The Early Years - The Pedigree Behind The Spitfire

The Early Years - The Pedigree Behind The Spitfire

The Supermarine aircraft factory (originally established as Pemberton-Billing Ltd in 1913), was extremely well known throughout the British Isles by the late 1920's and early 1930's. This was because a number of Supermarine seaplane models had won the coveted Schneider Trophy in 1922, 1927, 1929 and 1931.

Schneider Trophy

The Schneider Trophy, initially launched in 1912 by French financier, Jacques Schneider, was a legendary race only for seaplanes. This race was run over a particular course, usually triangular in shape. Each aircraft would perform timed laps of this circuit, with the fastest declared the winner. The race, although initially instituted by Schneider to advance aviation technology, eventually became all about speed. Any manufacturer winning the trophy for three events in a row, would keep it.

Supermarine Schneider Trophy Hat-trick

The Supermarine factory had won the Schneider Trophy once before, in 1922. Reginald Mitchell had been chief engineer at the company from 1920. With a series of Supermarine seaplanes specially designed with the trophy in mind, Mitchell began to start hitting his peak.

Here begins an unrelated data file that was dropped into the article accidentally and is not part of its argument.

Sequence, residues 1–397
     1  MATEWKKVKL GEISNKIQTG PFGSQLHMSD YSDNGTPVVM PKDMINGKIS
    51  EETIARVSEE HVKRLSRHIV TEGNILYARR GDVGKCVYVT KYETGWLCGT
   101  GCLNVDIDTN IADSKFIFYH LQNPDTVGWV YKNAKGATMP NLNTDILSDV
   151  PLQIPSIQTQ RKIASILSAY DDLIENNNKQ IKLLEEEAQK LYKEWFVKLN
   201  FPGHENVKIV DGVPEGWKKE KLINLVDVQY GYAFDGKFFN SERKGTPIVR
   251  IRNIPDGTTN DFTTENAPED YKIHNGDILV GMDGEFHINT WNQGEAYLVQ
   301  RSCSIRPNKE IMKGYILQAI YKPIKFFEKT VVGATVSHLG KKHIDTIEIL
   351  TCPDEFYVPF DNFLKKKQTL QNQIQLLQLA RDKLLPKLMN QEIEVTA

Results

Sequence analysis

His first Schneider Trophy win came in 1927 when a Supermarine S5, piloted by Sidney Webster clocked an average speed of 281.66mph around the circuit. The race was now held every second year, and this allowed Mitchell more time to perfect his seaplane designs.

In 1929, Supermarine were once again the victors, this time with the S6, which now broke through the 300mph average speed barrier. It completed the course at an average speed of 328.64mph.

Now with a chance of winning the Schneider Trophy outright, Supermarine initially received a shock when the British government withdrew their financial support to the project. A private donation by Lady Lucy Houston quickly got the project back on track, and the Supermarine S6.B won the title on 13 September. The only other contestants in the race were British manufactured planes as both the German and Italian entries were not ready on time. Whether it would have won had the German and Italian's arrived for the competition is unknown. What is known is that the S6.B did win with an average speed of 340.08. It went on to break the magical 400mph mark later that month.